Our hotel was a easy 15 minute walk into the La Crucecita area.  We tried El Grillo Marinero for dinner and I had the octopus in butter and garlic, and guys, it was amazing! And it was super reasonably priced.img_0311.jpgIMG_0310

We headed to the main square after dinner for some margaritas and to watch some traditional Oaxacan dancing. IMG_0319IMG_0329

We ended the night on our hotel balcony enjoying some Tecates from OXXO and watching the fireworks over the ocean.

I Like Piña Coladas, But Not Getting Caught in the Rain

That song’s stuck in your head now, isn’t it? You’re welcome! We heard it a few times over the course of our trip, along with some other island gems, like Margaritaville.

Anyways, it turns out I do like Piña Coladas, I tried my first one on the beach at Mawimbi.

Our week on Holbox was all about relaxing, which was a first for me.  My vacations usually involve me spending 3-4 very jam packed days in various cities trying to see ALL THE THINGS.   I did that twice in Europe in 2016 and will be doing it again in August, so a week with zero things on my agenda was a much needed change.  Shawn was a little worried I might go crazy, but you guys, I loved it!  I had no idea doing nothing can be so satisfying.  I don’t think I could handle two weeks of it, but 7 days of total relaxation? Yes! Yes! Yes!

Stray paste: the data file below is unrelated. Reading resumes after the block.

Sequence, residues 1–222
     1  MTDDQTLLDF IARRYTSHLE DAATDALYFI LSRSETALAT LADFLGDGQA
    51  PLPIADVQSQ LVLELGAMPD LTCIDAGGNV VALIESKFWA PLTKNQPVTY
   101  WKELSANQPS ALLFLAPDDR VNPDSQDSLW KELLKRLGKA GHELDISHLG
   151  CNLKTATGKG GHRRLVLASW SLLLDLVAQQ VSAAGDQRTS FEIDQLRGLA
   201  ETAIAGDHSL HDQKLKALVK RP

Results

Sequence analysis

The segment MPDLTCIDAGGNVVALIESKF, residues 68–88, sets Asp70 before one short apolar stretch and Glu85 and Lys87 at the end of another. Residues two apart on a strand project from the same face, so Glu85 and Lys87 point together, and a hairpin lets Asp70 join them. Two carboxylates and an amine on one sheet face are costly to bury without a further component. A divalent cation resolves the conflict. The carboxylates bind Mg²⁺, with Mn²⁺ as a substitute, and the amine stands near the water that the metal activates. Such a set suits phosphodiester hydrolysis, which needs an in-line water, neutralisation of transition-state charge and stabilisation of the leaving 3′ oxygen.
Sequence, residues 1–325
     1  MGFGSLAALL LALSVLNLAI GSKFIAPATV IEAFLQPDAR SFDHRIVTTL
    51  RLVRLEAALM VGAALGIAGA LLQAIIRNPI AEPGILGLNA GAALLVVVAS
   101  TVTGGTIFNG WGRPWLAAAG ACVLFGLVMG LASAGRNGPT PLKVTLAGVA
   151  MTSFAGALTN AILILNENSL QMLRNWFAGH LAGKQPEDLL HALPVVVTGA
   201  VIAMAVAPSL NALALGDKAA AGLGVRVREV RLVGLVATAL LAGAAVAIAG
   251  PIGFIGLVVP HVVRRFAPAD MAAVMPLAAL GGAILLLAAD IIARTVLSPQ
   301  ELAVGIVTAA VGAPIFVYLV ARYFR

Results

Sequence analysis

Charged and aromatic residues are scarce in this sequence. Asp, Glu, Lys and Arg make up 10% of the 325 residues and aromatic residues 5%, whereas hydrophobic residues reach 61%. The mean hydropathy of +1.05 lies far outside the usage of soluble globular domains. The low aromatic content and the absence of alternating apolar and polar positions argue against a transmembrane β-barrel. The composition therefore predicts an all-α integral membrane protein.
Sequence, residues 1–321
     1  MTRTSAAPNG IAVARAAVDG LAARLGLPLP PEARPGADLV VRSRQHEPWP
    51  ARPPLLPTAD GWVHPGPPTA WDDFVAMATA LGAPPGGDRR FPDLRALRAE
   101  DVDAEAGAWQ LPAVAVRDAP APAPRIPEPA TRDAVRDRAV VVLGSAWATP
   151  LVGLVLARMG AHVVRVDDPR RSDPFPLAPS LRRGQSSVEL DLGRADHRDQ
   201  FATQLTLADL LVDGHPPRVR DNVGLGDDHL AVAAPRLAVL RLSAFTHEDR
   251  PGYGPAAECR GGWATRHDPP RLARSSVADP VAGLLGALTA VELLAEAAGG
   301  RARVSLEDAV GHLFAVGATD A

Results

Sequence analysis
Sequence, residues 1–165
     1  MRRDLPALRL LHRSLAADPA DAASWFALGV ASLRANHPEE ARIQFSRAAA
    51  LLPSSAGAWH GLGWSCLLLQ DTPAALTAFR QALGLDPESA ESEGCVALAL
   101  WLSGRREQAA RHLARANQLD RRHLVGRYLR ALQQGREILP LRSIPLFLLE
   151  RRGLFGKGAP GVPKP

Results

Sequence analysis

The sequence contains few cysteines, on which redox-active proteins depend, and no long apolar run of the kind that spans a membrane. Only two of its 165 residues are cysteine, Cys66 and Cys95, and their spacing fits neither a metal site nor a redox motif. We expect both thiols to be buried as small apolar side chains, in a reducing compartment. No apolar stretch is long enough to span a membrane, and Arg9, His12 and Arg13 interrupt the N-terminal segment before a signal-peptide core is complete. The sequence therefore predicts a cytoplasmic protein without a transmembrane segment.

So what did a day in the lives of Carly and Shawn look like?

Get up, have breakfast, lounge on beach, read, swim, read, swim, talk about where to have lunch, go for lunch, lounge on beach, swim, nap, watch sunset, walk around town and discuss dinner options, have dinner, have drinks, night time swim, bed.

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The food on Holbox is amazing.  We did not have a bad meal.  The seafood is so fresh, like caught that day fresh.  There were so many different options, mexican, seafood, italian, american, fancy, budget, vegan, sushi… you can find something to satisfy even the pickiest eater.  Which we are not.  There were almost too many options 😉

Las Panchas